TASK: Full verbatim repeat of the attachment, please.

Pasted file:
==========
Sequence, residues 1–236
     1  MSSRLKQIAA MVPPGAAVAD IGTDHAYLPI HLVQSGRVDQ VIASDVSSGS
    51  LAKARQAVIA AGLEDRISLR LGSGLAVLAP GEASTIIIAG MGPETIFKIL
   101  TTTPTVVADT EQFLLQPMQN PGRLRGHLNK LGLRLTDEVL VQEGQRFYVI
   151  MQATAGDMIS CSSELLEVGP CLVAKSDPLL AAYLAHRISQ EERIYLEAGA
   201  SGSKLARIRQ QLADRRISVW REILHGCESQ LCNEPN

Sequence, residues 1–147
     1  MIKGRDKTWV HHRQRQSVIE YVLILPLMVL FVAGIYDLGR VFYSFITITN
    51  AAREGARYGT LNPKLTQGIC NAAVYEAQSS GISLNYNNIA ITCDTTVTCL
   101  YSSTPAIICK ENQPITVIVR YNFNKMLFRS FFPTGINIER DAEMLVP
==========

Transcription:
Sequence, residues 1–236
     1  MSSRLKQIAA MVPPGAAVAD IGTDHAYLPI HLVQSGRVDQ VIASDVSSGS
    51  LAKARQAVIA AGLEDRISLR LGSGLAVLAP GEASTIIIAG MGPETIFKIL
   101  TTTPTVVADT EQFLLQPMQN PGRLRGHLNK LGLRLTDEVL VQEGQRFYVI
   151  MQATAGDMIS CSSELLEVGP CLVAKSDPLL AAYLAHRISQ EERIYLEAGA
   201  SGSKLARIRQ QLADRRISVW REILHGCESQ LCNEPN

Sequence, residues 1–147
     1  MIKGRDKTWV HHRQRQSVIE YVLILPLMVL FVAGIYDLGR VFYSFITITN
    51  AAREGARYGT LNPKLTQGIC NAAVYEAQSS GISLNYNNIA ITCDTTVTCL
   101  YSSTPAIICK ENQPITVIVR YNFNKMLFRS FFPTGINIER DAEMLVP